December 21 — Winter Solstice has arrived once again. Not the ‘end of the world’ as some chose to believe, but rather a turning point. I looked outside this morning and saw this picture of the overnight snowfall added to several earlier ones this week. Yep, the world is still here alright.
Summer weeds transformed
Winter Solstice is interpreted in various ways across the globe, though. Do you feel it’s the first day of winter? Or do you agree with my preference for logic and symmetry, and see this turning point as midwinter? Seems logical for Canada, with its four seasons. I like the anticipation of varying temperatures and hours of daylight and darkness, colorful changes in plants and the migration of birds, all of which give the calendar year its predictable parts. With spring and fall as
transition seasons, it leaves a bigger chunk of time to allot to summer and
It breaks down fairly evenly, really: March and April bring the longer
days and warmer spring weather. Summer arrives with hot days even in May, then continues through June, July, August…but by September, there’s a distinct
change in the air. Come October, there’s no doubt it’s fall! After the leaves
have turned, fallen, and there are hints of snow, the days grow shorter,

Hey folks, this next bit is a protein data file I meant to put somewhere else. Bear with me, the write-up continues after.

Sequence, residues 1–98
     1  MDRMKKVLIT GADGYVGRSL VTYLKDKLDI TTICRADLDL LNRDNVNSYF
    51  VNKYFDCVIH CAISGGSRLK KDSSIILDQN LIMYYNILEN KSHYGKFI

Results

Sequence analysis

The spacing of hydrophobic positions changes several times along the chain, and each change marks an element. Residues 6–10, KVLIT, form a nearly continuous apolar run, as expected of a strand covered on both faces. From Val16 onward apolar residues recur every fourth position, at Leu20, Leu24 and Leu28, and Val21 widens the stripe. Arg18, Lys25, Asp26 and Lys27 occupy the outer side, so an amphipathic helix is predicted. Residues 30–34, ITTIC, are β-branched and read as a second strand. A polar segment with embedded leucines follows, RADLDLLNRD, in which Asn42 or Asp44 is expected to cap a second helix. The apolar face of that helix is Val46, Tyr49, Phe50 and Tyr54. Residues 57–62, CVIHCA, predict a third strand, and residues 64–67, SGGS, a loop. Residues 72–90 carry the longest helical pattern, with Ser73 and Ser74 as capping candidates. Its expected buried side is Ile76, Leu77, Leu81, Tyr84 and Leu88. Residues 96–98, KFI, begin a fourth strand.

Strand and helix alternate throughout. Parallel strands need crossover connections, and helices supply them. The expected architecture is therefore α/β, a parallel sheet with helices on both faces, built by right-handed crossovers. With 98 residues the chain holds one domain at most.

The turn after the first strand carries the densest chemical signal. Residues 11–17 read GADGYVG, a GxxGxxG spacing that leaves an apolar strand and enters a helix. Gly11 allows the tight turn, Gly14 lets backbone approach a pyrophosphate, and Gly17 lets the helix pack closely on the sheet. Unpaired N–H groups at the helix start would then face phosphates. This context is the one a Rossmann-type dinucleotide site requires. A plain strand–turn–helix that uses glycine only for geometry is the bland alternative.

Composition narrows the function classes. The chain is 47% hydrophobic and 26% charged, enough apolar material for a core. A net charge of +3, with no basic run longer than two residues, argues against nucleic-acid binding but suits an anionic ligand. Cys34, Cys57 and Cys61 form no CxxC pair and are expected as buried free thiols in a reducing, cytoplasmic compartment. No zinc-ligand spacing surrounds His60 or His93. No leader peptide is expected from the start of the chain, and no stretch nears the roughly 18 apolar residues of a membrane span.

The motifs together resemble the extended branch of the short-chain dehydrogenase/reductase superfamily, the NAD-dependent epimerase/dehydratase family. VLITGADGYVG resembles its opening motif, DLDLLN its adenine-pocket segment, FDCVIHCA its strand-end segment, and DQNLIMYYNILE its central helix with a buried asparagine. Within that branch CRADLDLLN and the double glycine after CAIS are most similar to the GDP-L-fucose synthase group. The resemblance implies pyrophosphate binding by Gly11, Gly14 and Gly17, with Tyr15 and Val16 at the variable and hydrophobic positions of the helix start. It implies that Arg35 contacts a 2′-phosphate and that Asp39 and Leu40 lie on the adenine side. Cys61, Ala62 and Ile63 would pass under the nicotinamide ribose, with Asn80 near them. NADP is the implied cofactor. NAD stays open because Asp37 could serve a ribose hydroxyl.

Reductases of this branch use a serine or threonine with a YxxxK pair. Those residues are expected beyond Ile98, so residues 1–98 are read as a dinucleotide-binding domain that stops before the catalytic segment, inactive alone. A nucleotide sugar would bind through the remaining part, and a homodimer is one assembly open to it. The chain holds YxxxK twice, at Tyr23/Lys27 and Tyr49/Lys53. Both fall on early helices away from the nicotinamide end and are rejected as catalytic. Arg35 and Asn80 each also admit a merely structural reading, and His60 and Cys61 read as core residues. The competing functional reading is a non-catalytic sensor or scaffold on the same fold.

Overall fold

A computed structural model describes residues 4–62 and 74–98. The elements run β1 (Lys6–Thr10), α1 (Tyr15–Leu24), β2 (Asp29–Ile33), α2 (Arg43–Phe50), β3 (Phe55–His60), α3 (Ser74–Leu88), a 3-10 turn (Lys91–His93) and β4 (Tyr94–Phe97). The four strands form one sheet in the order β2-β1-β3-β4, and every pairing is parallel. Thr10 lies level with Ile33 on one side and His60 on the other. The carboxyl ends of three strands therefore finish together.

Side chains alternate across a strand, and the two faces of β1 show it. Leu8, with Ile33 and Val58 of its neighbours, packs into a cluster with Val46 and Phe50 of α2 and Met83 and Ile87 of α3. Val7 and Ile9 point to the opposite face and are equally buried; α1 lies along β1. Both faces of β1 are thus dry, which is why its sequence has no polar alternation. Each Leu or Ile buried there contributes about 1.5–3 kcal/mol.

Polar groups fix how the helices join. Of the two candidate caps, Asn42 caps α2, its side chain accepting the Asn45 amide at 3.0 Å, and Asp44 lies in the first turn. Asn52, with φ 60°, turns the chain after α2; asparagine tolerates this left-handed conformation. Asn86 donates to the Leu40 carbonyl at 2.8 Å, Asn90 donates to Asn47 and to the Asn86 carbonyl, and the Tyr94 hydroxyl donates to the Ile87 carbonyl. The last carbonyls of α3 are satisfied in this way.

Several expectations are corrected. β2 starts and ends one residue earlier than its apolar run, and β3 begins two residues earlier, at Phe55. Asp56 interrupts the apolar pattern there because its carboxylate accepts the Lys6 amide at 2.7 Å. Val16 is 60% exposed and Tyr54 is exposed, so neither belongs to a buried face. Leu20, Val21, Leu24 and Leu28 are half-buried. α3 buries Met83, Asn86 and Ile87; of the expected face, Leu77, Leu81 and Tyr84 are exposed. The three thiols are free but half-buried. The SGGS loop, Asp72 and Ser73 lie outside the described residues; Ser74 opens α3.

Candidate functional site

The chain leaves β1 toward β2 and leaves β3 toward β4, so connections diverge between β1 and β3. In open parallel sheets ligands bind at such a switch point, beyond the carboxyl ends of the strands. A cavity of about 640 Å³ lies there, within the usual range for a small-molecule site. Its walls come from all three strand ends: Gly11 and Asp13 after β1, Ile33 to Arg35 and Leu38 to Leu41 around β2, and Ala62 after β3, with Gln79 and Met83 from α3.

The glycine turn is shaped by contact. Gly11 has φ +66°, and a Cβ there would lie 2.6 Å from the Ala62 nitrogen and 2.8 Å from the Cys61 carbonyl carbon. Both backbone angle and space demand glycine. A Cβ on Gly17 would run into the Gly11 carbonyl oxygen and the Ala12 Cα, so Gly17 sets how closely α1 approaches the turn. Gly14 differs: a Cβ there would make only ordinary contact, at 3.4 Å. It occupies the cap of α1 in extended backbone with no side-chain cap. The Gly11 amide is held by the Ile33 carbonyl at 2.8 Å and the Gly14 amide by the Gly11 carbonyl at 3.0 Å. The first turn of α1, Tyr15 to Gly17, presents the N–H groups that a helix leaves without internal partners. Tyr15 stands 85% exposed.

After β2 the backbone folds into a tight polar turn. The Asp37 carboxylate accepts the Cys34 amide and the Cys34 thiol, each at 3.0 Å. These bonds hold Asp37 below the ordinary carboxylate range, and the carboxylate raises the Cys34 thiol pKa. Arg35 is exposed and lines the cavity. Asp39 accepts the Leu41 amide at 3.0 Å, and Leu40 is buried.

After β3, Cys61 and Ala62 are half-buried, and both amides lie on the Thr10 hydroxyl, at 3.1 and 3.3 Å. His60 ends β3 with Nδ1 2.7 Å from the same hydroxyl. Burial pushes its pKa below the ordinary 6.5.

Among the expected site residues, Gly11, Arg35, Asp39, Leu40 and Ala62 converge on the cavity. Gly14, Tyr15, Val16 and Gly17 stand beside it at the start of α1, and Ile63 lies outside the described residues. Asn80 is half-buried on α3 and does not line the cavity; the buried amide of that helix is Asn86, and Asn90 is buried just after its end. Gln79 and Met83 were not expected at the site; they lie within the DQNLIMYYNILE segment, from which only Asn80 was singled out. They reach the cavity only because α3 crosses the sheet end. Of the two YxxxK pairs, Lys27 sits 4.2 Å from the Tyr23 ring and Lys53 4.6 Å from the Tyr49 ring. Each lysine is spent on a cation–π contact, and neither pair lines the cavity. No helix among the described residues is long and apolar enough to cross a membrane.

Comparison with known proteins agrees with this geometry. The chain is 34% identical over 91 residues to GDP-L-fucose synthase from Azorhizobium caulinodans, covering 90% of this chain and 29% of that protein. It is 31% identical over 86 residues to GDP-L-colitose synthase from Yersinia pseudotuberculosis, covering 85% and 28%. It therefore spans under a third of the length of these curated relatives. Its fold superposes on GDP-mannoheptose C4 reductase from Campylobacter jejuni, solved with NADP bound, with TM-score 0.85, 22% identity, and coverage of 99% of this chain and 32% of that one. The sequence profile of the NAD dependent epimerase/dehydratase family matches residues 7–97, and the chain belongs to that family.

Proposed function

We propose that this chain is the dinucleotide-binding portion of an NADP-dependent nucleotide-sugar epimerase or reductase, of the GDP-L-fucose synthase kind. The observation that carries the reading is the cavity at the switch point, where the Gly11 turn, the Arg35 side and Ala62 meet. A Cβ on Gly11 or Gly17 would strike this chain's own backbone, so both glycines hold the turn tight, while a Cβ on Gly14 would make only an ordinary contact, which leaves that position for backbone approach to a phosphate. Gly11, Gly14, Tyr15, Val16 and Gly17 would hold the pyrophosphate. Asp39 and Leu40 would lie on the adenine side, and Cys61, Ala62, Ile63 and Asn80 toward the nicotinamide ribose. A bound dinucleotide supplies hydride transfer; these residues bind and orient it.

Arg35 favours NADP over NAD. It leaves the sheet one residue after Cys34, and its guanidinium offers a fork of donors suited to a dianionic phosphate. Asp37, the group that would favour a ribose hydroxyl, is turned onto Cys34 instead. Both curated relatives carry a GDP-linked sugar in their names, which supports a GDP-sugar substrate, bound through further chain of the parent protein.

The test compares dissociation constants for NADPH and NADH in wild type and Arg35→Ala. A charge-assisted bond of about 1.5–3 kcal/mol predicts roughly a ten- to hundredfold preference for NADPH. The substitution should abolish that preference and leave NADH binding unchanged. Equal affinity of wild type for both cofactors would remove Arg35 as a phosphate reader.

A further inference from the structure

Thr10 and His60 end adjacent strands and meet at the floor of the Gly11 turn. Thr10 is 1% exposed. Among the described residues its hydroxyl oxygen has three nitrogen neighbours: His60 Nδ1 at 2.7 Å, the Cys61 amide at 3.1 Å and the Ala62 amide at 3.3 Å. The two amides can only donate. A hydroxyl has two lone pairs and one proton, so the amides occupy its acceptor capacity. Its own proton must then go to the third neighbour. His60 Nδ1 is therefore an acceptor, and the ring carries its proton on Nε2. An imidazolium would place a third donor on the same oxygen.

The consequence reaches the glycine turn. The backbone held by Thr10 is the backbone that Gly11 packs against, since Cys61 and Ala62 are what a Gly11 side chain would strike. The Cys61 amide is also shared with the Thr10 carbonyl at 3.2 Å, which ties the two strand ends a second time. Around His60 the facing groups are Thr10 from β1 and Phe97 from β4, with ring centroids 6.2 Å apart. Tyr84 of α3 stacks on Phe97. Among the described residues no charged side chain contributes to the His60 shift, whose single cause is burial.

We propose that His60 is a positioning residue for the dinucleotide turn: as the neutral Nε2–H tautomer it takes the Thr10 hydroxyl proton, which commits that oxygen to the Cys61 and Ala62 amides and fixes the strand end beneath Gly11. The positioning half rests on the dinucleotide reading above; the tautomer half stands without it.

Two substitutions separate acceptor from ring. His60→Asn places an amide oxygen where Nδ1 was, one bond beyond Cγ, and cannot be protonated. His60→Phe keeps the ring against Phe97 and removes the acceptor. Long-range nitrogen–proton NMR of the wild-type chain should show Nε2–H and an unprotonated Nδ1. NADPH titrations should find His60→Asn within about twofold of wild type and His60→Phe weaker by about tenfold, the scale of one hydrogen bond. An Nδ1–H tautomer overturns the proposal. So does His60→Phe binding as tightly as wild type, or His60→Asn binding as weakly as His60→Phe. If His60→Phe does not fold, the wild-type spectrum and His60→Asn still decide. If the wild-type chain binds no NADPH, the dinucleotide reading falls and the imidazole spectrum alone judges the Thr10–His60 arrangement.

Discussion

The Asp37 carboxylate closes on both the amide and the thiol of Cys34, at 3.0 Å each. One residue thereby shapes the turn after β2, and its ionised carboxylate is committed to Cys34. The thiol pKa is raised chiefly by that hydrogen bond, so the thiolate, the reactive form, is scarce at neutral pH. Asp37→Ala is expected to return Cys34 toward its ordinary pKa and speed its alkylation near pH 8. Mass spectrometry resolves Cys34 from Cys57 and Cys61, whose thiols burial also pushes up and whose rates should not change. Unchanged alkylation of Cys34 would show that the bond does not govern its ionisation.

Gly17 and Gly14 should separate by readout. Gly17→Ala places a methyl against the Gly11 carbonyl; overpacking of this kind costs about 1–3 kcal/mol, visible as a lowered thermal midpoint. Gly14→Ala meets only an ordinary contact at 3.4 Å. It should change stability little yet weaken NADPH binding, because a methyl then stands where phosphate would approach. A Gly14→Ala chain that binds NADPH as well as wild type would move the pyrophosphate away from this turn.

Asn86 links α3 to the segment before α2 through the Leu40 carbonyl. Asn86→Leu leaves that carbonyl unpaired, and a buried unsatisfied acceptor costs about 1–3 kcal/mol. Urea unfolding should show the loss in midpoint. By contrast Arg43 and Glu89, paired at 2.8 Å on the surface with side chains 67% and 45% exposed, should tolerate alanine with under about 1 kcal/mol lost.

cloudier…downright dull, quite often. November. My least favorite month (but a
good one to dig into writing!). In many parts of this country, overnight
temperatures are below freezing meaning snow will begin to stick on the ground
long before Winter Solstice. It makes sense to me that winter begins with
November, and continues through February.
That makes Winter Solstice,
‘the deep midwinter’. Logically, it is the shortest day and the pivotal point
when things begin to turn around. That sounds like ‘middle’ to me. It’s the
same for summer solstice: June 21, the longest day. Another point of change.
Surely it’s what Shakespeare had in mind for ‘Midsummer Night’s Dream’.
Every year at this time, folks grumble about huge dumps of snow in some parts of the country, ‘when it isn’t even winter, yet’. But if it looks like a duck, walks like a duck…..? To the folks shoveling it, it’s winter. And think about it this way: if this is only the beginning of winter, it means Canada only has a little over two months of winter, until spring comes in March. Who’s gonna believe that? On the other hand (for those who will tire of it soon and begin wishing for spring) if this is midwinter, the cold season is half over. You’re a winner either way, since March is only two months away.